Even if you’re young and just starting out, it’s a common misconception that wills are just for older people or those with significant assets. In reality, creating a will is an important financial and personal planning step everyone should take — even if you’re healthy and don’t have many assets.

You may wonder what goes into creating a will and why having one at this stage is advantageous. Here are five key benefits having a will offers young people:

1. Take Control of Your Future

A will won’t actively manage your income or control how your money is invested, but it can set you up for a successful financial future. It prompts you to take stock of your current financial situation, whether you’re just starting your career or looking to start a family.

Even if your assets are limited now, having a will can help you plan for building wealth, consider tax implications, and affect your future retirement accounts or debts. It can also get you thinking about your future financial goals, perhaps prompting you to save more or change your investment strategy. Knowing your wishes are documented in a will allows you to take calculated risks.

2. Prepare for the Unexpected

You probably don’t have much reason to think about what will happen after you pass when you’re young and healthy. But life is unpredictable, and having a will puts you in control of decisions that would have to be made if you were to die or become incapacitated suddenly.

Think about your most cherished personal belongings. Even if they don’t have significant monetary value, where should they go if you pass away? This is the type of question a will can clarify.

A comprehensive will can also include provisions for what should happen if you become incapacitated due to an accident, illness, or disability. This lets you name a power of attorney or guardian to manage your affairs. Another aspect you may not have considered is what would happen to your pet if the unthinkable happened. Many wills include plans for pets, such as who should take custody of the animal. You can even set up a pet trust or pet power of attorney to ensure their care.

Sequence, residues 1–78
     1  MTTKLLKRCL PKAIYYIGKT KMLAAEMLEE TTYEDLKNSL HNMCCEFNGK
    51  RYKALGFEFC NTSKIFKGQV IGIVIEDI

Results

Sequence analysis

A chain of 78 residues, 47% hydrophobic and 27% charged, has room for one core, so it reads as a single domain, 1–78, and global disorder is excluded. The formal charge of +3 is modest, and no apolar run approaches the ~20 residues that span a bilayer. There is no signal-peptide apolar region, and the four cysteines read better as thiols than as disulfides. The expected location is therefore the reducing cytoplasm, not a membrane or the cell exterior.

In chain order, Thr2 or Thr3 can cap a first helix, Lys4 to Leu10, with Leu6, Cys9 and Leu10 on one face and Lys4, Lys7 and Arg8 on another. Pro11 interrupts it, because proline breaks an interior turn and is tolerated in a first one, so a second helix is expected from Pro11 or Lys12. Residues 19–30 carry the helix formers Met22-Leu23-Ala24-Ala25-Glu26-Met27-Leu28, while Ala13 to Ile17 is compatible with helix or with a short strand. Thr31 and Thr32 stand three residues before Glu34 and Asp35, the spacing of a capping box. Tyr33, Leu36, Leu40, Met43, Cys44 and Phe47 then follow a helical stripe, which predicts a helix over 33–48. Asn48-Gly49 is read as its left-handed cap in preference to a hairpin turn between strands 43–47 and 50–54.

3. Plan for Dependents

One of the biggest reasons to have a will in place when you’re young is to plan for the dependents you may have, such as minor children or aging parents. You can name a guardian to care for your children if you were to pass away unexpectedly.

By doing so, you can select someone you trust to raise your kids according to your values and wishes rather than leaving the decision up to the courts. Your will can also outline your preferences for your children’s care, education, and financial support.

For aging parents or other dependents, you may have a will that enables you to name a caretaker. Additionally, your will can establish trusts or set aside assets to be managed on behalf of dependents who may not be equipped to handle finances on their own. Creating a comprehensive estate plan while you’re young provides essential protections for the people who depend on you.

4. Help Your Family Avoid Probate

Another reason to have a will, even if you’re young, is to spare your family from the added stress and complications of the probate process. Your estate will be distributed according to North Carolina’s intestacy laws if you die without a will.

In probate, the court decides how to distribute your belongings, which can be lengthy. The court’s decisions might not align with your wishes, leading to family conflicts and complications for your loved ones during a difficult time.

Creating a will lets you describe your wishes in detail, eliminating uncertainty and documenting your preferences. It also allows you to name an executor you trust to oversee the probate process efficiently. Ultimately, having a will helps cut through red tape and eliminates the emotional burden of probate court.

5. Protect Your Digital Assets